- Average order value (AOV). All businesses will get large and small orders, whether they’re a B2B business or sell direct to consumer. By calculating the average value of all orders, you can determine if you need to make changes that avoid losses. You may want to establish a minimum order quantity (MOQ), use a more cost-effective eCommerce shipping software, or reduce the time between purchase and eCommerce fulfillment.
- Profit margin. Every business owner likes to see a large profit margin. This number shows the difference between your costs and revenue. If this number is low, it means you need to look at increasing prices or reducing costs like inventory carrying cost. Remember to factor in all costs related to your B2B eCommerce platform, B2B marketplace, or owned eCommerce site.
- Return on investment (ROI). If you pay for any form of advertising, you'll need to calculate your ROI to determine effectiveness. This will let you know how much money you make off of every dollar spent. If this number is negative or too low, you'll need to review your ads and see why they aren't working.
- Cost per acquisition (CPA). Another paid advertising metric to look at is CPA. This is the total ad spend divided by buyers. If this number is lower than the revenue those customers bring in, your ads are hurting more than helping.
- Bounce rate. This metric tells you what percentage of website visitors leave without clicking on anything. It's a very valuable number that can highlight issues with page speed, website quality, or just a lack of good content. Focusing on strong SEO content for eCommerce can pay dividends here.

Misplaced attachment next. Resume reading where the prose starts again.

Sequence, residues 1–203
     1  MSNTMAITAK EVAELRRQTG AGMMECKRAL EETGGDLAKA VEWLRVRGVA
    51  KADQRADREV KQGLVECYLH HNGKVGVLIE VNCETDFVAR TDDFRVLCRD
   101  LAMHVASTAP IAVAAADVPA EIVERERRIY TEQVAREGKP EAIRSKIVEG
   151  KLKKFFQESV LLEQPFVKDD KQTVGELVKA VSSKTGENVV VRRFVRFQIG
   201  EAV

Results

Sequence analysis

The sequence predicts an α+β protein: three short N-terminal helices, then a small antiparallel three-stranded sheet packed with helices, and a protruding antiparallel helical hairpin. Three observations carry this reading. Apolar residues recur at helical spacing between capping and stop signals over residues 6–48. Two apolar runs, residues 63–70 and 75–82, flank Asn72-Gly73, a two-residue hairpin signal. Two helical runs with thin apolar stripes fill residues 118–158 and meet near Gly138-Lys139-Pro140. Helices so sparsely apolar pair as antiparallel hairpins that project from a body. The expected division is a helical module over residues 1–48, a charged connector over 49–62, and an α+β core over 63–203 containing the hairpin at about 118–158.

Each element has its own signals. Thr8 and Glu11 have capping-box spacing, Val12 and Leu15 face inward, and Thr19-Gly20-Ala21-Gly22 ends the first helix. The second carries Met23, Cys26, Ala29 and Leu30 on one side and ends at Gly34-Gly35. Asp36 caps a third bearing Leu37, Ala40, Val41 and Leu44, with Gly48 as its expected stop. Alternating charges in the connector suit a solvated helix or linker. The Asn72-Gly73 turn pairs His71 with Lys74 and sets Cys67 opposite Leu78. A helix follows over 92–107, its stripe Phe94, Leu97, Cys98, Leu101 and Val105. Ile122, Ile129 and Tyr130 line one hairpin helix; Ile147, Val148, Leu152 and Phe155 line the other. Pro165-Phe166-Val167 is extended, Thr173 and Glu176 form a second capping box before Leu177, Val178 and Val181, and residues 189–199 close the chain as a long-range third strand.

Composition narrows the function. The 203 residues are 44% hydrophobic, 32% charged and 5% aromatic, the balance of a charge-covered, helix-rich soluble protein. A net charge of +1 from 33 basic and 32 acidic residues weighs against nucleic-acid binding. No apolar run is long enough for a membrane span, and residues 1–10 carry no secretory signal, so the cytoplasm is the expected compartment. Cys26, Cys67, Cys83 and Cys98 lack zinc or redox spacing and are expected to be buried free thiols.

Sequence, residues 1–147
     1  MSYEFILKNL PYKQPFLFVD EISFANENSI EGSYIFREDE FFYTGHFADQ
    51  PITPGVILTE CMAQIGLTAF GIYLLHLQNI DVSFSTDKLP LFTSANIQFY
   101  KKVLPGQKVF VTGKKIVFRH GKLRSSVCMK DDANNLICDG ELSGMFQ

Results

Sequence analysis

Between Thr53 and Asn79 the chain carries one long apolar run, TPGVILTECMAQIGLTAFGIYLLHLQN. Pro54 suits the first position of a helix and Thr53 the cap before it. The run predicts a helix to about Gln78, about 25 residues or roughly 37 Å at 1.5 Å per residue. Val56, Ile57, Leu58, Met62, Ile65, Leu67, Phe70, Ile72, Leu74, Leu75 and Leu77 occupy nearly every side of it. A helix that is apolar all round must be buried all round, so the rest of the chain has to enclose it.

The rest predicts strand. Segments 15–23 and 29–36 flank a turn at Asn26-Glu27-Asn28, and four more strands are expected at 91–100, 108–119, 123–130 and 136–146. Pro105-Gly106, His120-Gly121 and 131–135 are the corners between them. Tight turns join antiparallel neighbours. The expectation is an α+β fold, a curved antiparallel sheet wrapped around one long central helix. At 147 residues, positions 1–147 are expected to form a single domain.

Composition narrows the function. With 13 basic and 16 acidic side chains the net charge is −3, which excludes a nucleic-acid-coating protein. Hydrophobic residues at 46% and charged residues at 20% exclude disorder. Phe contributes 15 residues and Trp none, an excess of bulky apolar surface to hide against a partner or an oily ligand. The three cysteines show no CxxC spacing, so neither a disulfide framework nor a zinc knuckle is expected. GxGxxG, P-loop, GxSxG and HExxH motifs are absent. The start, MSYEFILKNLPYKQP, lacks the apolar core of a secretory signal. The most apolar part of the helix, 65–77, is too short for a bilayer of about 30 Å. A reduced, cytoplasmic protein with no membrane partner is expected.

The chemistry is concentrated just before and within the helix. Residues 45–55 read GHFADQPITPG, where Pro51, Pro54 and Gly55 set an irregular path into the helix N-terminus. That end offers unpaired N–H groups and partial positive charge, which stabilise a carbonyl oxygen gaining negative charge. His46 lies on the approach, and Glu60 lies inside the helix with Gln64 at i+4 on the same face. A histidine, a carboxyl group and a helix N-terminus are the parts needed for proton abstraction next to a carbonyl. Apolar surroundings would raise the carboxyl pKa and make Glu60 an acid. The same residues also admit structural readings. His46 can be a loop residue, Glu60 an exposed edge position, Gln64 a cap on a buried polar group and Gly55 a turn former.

- Organic search rankings. Though a more complicated metric than many of the others, organic search rankings are very valuable. They show what words people search to find your site and how well you meet their needs. These can be improved by looking at your eCommerce SEO efforts and making changes to your on page SEO for eCommerce. Luckily, food suppliers that use BlueCart eCommerce don't have to worry, as it has already been optimized for SEO. Just upload your products and imagery and see the orders roll in.
- Gross Merchandise Volume (GMV). GMV is a measure of the total value of products sold during a given time. It's a valuable metric that signifies overall success. If this number is increasing, it means your bottom line is as well. This metric is very valuable for wholesalers (see wholesale meaning) as it's vital to sell large quantities when you sell wholesale.
- Customer satisfaction. The final metric you need to keep an eye on is customer satisfaction. Though it's harder to quantify, it affects every aspect of your business. Regularly speak with your customers or use surveys to get a sense of their happiness. You might discover there are issues with a part of your business that you've been neglecting, like using underperforming eCommerce platforms.
Analytical by Nature, Profitable by Choice
One of the surest ways to achieve success as an eCommerce business owner is to rely on analytical data. Whether you're looking at conversions, visits, or customer satisfaction, you can adjust course based on your findings. Remember, your eCommerce business plan template isn't written in stone. You should also invest in eCommerce software and eCommerce packaging that can help you reach your goals.